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Title

Dysfunction of the unfolded protein response increases neurodegeneration in aged rat hippocampus following proteasome inhibition

AuthorsGavilán, María P. ; Pintado, Cristina; Gavilán, Elena ; Jiménez, Sebastián; Ríos, Rosa M. ; Vitorica, Javier ; Castaño, Angélica; Ruano, Diego
KeywordsAging
Alzheimer
Apoptosis
ER-stress
Neuroinflammation
UPR
Issue Date11-Sep-2009
PublisherBlackwell Publishing
Anatomical Society of Great Britain and Ireland
CitationAging Cell 8(6): 654-665 (2009)
AbstractDysfunctions of the ubiquitin proteasome system (UPS) have been proposed to be involved in the aetiology and/or progression of several age-related neurodegenerative disorders. However, the mechanisms linking proteasome dysfunction to cell degeneration are poorly understood. We examined in young and aged rat hippocampus the activation of the unfolded protein response (UPR) under cellular stress induced by proteasome inhibition. Lactacystin injection blocked proteasome activity in young and aged animals in a similar extent and increased the amount of ubiquitinated proteins. Young animals activated the three UPR arms, IRE1α, ATF6α and PERK, whereas aged rats failed to induce the IRE1α and ATF6α pathways. In consequence, aged animals did not induce the expression of pro-survival factors (chaperones, Bcl-XL and Bcl-2), displayed a more sustained expression of pro-apoptotic markers (CHOP, Bax, Bak and JKN), an increased caspase-3 processing. At the cellular level, proteasome inhibition induced neuronal damage in young and aged animals as assayed using Fluorojade-B staining. However, degenerating neurons were evident as soon as 24 h postinjection in aged rats, but it was delayed up to 3 days in young animals. Our findings show evidence supporting age-related dysfunctions in the UPR activation as a potential mechanism linking protein accumulation to cell degeneration. An imbalance between pro-survival and pro-apoptotic proteins, because of noncanonical activation of the UPR in aged rats, would increase the susceptibility to cell degeneration. These findings add a new molecular vision that might be relevant in the aetiology of several age-related neurodegenerative disorders.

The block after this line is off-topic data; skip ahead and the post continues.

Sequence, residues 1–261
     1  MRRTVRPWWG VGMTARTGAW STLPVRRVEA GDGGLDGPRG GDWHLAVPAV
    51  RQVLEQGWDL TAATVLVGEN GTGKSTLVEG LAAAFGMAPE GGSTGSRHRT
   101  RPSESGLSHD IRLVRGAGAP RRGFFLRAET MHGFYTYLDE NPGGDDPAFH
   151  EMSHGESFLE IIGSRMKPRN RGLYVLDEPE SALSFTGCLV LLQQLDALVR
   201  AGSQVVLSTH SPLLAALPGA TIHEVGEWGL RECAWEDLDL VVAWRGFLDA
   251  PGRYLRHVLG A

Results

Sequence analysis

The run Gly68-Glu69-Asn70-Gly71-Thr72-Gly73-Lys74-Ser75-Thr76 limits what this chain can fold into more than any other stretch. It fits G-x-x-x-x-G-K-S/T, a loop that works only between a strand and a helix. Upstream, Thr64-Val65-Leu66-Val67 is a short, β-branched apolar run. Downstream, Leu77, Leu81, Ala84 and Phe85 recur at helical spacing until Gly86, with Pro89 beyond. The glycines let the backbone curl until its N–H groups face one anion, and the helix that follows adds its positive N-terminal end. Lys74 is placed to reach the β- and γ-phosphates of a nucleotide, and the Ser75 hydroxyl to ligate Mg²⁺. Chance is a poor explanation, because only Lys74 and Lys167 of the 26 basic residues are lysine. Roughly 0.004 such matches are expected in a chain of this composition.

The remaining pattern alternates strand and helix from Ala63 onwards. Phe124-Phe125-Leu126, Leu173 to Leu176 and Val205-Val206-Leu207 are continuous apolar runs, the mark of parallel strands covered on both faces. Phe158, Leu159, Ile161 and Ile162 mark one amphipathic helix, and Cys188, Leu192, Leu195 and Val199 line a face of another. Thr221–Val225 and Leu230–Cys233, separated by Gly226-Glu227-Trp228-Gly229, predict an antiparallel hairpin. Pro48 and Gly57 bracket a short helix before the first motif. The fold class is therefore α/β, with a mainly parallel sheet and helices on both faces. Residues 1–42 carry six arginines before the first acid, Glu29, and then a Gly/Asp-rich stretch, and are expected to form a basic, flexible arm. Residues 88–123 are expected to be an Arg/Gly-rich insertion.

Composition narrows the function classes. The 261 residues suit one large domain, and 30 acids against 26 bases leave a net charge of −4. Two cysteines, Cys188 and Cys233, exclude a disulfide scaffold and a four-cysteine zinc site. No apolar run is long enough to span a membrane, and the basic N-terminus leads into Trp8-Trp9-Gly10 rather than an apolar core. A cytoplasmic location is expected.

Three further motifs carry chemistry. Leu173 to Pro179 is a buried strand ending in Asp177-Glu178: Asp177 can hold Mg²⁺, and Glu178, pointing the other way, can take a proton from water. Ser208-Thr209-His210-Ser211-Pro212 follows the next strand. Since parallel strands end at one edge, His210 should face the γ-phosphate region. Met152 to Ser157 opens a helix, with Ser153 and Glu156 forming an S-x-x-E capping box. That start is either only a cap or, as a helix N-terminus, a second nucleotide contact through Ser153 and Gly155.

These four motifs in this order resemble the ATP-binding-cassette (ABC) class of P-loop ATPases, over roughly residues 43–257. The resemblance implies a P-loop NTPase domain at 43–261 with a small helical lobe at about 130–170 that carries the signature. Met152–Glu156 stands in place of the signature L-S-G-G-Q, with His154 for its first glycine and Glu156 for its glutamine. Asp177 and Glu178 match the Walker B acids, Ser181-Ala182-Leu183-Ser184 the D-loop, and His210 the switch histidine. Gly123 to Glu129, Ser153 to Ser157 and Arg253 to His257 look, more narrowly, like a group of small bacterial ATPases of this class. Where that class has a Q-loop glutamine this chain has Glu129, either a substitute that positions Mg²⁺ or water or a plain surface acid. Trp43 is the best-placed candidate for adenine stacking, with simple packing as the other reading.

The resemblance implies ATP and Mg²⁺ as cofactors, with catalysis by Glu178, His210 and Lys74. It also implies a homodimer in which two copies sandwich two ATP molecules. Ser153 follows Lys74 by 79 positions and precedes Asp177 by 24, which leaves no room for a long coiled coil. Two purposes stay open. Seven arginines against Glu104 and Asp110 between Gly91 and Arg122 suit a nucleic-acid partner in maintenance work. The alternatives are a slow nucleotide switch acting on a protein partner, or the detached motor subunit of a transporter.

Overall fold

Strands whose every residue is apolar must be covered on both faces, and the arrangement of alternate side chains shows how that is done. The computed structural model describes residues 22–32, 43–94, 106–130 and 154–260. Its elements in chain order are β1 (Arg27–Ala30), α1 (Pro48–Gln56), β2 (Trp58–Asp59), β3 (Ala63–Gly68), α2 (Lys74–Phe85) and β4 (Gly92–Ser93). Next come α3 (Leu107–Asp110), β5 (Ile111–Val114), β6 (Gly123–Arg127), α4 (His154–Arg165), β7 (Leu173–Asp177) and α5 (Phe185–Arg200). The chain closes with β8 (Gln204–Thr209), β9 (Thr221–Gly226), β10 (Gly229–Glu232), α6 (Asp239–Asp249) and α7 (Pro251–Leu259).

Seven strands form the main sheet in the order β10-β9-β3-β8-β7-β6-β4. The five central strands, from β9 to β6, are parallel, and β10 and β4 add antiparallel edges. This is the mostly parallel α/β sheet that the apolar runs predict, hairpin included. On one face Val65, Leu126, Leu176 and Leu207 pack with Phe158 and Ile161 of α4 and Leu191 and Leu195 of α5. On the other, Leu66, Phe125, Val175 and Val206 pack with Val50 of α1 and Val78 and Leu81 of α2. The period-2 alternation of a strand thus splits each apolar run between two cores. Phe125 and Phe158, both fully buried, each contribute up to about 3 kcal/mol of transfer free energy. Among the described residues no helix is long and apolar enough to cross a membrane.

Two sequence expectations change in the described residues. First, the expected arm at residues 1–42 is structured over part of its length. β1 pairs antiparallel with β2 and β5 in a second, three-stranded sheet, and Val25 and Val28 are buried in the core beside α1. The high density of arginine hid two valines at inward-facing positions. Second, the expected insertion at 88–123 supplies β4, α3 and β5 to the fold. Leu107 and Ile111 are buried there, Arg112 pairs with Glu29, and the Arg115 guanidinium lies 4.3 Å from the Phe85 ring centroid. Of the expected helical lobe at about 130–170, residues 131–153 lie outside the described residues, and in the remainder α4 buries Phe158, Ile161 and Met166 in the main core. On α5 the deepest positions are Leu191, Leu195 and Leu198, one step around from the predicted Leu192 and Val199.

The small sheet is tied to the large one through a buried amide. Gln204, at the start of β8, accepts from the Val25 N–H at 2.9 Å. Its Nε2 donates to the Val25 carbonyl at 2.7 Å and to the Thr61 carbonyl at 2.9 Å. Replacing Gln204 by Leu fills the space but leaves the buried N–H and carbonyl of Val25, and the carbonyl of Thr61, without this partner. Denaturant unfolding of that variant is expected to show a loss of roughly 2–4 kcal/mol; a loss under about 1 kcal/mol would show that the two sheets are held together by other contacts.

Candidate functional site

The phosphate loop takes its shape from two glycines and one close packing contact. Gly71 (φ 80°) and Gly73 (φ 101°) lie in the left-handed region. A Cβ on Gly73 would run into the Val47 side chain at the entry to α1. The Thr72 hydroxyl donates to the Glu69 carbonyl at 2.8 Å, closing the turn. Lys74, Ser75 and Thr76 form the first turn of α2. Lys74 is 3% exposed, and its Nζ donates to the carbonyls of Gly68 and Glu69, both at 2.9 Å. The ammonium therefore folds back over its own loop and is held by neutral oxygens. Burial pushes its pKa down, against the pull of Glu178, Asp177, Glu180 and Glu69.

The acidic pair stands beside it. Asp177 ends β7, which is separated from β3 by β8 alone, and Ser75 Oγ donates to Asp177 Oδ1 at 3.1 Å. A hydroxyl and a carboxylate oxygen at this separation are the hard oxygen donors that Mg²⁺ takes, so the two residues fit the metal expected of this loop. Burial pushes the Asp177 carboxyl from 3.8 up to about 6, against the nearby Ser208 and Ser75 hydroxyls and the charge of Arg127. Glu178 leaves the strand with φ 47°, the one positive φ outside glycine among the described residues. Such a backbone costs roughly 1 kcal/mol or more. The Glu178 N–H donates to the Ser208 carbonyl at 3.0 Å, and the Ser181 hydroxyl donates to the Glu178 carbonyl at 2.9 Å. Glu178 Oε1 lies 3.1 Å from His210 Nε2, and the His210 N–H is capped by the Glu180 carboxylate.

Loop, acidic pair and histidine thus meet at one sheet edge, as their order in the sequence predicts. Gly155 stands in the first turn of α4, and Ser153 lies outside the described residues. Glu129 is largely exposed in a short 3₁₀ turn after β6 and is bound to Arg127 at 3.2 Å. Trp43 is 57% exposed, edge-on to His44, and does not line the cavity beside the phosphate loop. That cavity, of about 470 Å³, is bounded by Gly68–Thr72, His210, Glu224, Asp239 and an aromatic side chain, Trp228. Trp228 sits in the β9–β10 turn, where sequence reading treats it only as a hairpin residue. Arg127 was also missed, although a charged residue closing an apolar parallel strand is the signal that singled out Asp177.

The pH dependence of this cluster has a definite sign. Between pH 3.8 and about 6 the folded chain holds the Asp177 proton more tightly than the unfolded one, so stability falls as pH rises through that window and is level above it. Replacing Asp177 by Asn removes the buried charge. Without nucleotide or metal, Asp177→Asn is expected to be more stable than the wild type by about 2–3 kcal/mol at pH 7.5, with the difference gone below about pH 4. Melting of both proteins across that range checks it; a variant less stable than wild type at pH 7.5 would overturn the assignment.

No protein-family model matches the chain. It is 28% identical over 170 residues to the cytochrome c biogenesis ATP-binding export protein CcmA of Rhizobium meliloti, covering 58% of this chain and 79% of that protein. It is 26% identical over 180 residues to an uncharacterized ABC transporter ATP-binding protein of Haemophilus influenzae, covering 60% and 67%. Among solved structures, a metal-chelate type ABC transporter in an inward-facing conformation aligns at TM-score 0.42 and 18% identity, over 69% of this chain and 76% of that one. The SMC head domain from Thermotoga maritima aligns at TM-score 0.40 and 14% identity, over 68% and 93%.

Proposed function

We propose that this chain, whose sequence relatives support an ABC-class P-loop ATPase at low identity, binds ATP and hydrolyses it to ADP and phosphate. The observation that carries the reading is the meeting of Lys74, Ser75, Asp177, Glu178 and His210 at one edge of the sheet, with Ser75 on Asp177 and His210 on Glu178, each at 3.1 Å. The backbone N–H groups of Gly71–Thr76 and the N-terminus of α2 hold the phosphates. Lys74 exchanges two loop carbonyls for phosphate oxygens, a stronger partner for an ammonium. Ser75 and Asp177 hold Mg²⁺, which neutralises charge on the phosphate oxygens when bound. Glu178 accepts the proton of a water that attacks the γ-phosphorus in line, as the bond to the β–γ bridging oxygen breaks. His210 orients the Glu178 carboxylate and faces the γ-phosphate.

Description13 páginas, 7 figuras, 1 tabla.
Publisher version (URL)http://dx.doi.org/10.1111/j.1474-9726.2009.00519.x
URIhttp://hdl.handle.net/10261/38612
DOI10.1111/j.1474-9726.2009.00519.x
ISSN1474-9718
Appears in Collections:(IBIS) Artículos
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